So okay, so let’s go to number two. So number two, is having too many and are related priorities, allow me explain what I mean with that. Strategy is often a result of brainstorming session in the organisation, right? company leaders, look at trends, market insights, past performance, what worked and what didn’t, etc, etc. So they’re looking for patterns, right to come up with strategies to implement, which is, which is good, I think is not wrong at all. But often, that results in a catch up game, where leaders design incremental strategy, which are not either innovative, or competitive. So in other words, they are confirming what has been already done organisation. So most likely the same strategy plan with some incremental steps. And from, from a practical standpoint, I’ll give an example is, you know, this year in this plan, we want to increase our revenues of 5%, reducing our costs or 3%, etc. As I said, this is just incremental strategy is no, there is nothing new, really, they’re bringing to the market. And that’s where I’m concerned about when I say strategy plan written in this way. And when I say incremental strategy is really what happens is leaders don’t really answer to the most important strategic questions to give their organisation an edge. So what’s going to happen to the customers, what’s going to happen to the competitor, and what’s going to happen to our products and services. In other words, what products and services we need to be able to change in order to address the challenges and opportunities as well, we’re going to face in the period of time of their strategic plan. And not surprisingly, when you see incremental strategy plans, essentially you see strategy plan that ended up with a lot of buzzwords, that probably mean nothing, and too many initiatives to implement across the entire organisation, you know, changing the positioning, and targeting new markets, changing the sale distribution, and increasing sales and changing the 80s and developing AARP and change our finance and operation etc, etc. So it’s really across all the functions, when I’m very unclear roles and responsibilities, always gonna do that, and what and then that really creates just confusion and frustration within the organisation not necessarily to the market outside, but internally most of the time, is a bizarre. So what I really recommend to do is focus on few priorities, but they’re going to make a big impact on the business performance across the three areas I mentioned, you know, the client, the competitor, as well as your product and services. Stop really adding so many other things in your strategy plan, focus on the and the things related to these three factors are going to again, make a huge impact for the future in a short period of time. As I mentioned earlier.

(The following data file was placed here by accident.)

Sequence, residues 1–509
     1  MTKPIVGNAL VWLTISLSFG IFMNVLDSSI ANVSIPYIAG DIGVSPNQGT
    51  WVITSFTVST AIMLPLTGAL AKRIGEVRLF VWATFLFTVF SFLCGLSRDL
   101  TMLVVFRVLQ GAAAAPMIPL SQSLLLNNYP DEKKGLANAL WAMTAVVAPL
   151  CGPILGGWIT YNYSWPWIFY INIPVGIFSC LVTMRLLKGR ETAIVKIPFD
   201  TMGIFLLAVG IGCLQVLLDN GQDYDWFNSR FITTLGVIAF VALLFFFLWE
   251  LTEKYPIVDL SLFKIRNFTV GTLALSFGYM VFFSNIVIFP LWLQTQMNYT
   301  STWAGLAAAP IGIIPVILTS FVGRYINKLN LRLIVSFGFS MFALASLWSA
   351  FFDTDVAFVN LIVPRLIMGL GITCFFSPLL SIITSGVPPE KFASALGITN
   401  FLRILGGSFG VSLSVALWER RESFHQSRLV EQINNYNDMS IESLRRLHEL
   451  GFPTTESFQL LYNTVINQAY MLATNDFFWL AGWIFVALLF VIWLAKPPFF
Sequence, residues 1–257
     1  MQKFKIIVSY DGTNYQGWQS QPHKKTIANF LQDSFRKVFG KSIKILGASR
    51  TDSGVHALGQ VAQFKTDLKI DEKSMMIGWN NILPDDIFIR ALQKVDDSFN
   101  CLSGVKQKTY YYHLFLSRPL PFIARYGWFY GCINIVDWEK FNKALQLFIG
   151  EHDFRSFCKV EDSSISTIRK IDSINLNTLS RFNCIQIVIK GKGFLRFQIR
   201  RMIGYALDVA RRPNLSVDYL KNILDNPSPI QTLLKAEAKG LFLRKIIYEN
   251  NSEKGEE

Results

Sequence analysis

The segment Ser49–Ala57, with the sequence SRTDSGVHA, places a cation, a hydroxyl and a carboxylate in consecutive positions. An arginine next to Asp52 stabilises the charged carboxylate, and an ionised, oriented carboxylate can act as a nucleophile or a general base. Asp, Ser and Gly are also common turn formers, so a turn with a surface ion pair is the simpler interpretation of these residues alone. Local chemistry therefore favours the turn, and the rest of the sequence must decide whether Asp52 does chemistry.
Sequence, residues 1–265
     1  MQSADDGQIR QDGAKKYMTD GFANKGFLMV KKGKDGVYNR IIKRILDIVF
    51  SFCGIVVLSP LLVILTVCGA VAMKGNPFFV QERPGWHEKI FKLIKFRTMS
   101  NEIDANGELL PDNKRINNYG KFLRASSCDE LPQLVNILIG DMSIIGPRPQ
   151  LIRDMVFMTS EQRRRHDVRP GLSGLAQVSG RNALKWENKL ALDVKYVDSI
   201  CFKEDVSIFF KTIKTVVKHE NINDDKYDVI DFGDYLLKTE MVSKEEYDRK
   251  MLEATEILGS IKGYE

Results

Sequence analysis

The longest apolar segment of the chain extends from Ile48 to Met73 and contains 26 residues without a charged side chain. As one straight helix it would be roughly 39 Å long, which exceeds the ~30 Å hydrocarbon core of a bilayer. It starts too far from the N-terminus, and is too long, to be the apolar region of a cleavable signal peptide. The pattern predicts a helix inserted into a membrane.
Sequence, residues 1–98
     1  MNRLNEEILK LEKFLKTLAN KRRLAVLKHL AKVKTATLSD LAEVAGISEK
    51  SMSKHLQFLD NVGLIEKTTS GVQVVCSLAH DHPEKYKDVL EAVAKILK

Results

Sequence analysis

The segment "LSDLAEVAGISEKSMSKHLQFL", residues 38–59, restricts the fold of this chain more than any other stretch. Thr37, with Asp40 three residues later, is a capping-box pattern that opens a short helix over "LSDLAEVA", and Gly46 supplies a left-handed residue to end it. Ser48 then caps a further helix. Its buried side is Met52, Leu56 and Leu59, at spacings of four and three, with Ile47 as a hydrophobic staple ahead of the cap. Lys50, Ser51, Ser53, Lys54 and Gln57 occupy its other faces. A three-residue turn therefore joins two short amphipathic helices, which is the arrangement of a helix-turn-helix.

Another important reason why strategy plan don’t get implemented because sometimes, the way how the process has been developed is just wrong.To be more specific, most of the time, especially for large organisations. The strategy planning process is normally developed by expensive consultants. And by the way, I’ve nothing, nothing against, you know, the big the big consulting firms, I think they’re the expertise they have is Chester rific. However, there are some number of negative consequences of having external consultants work, you know, your plan. And let me explain what I mean with that. To start, hiring top strategy consultants is really expensive. And we know that, but most often, you know, this doesn’t result in successful implementation. Because the business model of the big consulting firm is slightly different, right? Because they, they surely know how to develop a strategy, but they either don’t know the company enough the business, the culture to make the implementation, or just they decide to not do the implementation. So most of the time, this this top really on the strategy definition. And unfortunately, their process sometimes is, it’s invasive, maybe it’s too invasive, you know, they tend to come in and propose drastic changes, they might look good, and please, maybe the CEO, the leadership team, and maybe also the shareholders in the first place. But eventually they go and leave the heavy, maybe marks within the organisation is really up to the organisation, then implementing all the changes. Because if, you know, in fact, what’s the process over, you know, they leave the organisation must implement the recommendation, sometimes not easy, because, you know, because it’s just difficult to implement a plan developed by others. That’s my experience for many years in the corporate world. Obviously, this process very seldom leads to successful results. So I think it’s worth to considering how that process works. And finally, and probably most importantly, I don’t think it’s respectful for the employees. Hiring consultants for strategy, in my mind is allowed to outsource the brainpower really, it doesn’t really help also to engage your people to keep them motivated. And people that get very frustrated because they see maybe younger people coming in from the outside, and then telling them what to do. And you know, in telling them, maybe they whatever they have done before is just wrong, it’s not working. So it can be really frustrated. So again, don’t get me wrong, there are so many fantastic strategy consultants in the market. But I think the point I’m making here is quite different is how to really preserve the value of your organisation, how can you engage more embedded with your team, and not again, outsource the brain power, because they know your people they know better than anyone else, the organisation, the culture, and I’m sure they’re smart, intelligent enough to come up with better strategies, if things don’t work. However, we need to give them an opportunity to speak up to share what they think, because I’m sure that there is a lot they can give to organisation when it comes to strategy definition. And that’s normally what I do. When I when I come in an organisation. It’s really facilitating coaching and facilitating the whole team or developing their own ideas against as I say, you know, the three-factor I mentioned before, you know, the client, the competitor, and the market, the product, the services, you have to do the exercise, but you can do it with your own people, because your people are good enough, they understand enough business to market to come up with brilliant ideas, you just need to give them the space. So they can shine. And they can finally share what they really think that can be done in the organisation. It also think another incredible benefit, you’re going to develop talent internally. Because if you have the involvement, first, you’re going to really help them to develop their strategic thinking. And that’s exactly the best way to really grow, you know, an organisation. So that is a great, important upside of doing strategy work internally.